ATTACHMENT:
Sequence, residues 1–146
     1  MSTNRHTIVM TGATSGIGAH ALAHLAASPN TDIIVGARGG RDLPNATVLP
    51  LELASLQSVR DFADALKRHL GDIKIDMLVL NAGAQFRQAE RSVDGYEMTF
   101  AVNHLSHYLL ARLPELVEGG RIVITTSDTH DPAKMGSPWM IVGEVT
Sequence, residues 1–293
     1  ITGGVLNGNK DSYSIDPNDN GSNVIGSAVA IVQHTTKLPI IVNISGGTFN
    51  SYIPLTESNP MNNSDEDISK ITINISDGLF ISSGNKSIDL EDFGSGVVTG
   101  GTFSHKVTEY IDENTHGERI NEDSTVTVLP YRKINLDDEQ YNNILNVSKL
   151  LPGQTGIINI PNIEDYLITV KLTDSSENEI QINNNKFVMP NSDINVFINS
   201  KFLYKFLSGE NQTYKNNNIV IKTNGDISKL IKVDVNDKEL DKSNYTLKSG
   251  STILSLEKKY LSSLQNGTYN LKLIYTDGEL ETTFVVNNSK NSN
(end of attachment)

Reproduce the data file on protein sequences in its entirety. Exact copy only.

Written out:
Sequence, residues 1–146
     1  MSTNRHTIVM TGATSGIGAH ALAHLAASPN TDIIVGARGG RDLPNATVLP
    51  LELASLQSVR DFADALKRHL GDIKIDMLVL NAGAQFRQAE RSVDGYEMTF
   101  AVNHLSHYLL ARLPELVEGG RIVITTSDTH DPAKMGSPWM IVGEVT
Sequence, residues 1–293
     1  ITGGVLNGNK DSYSIDPNDN GSNVIGSAVA IVQHTTKLPI IVNISGGTFN
    51  SYIPLTESNP MNNSDEDISK ITINISDGLF ISSGNKSIDL EDFGSGVVTG
   101  GTFSHKVTEY IDENTHGERI NEDSTVTVLP YRKINLDDEQ YNNILNVSKL
   151  LPGQTGIINI PNIEDYLITV KLTDSSENEI QINNNKFVMP NSDINVFINS
   201  KFLYKFLSGE NQTYKNNNIV IKTNGDISKL IKVDVNDKEL DKSNYTLKSG
   251  STILSLEKKY LSSLQNGTYN LKLIYTDGEL ETTFVVNNSK NSN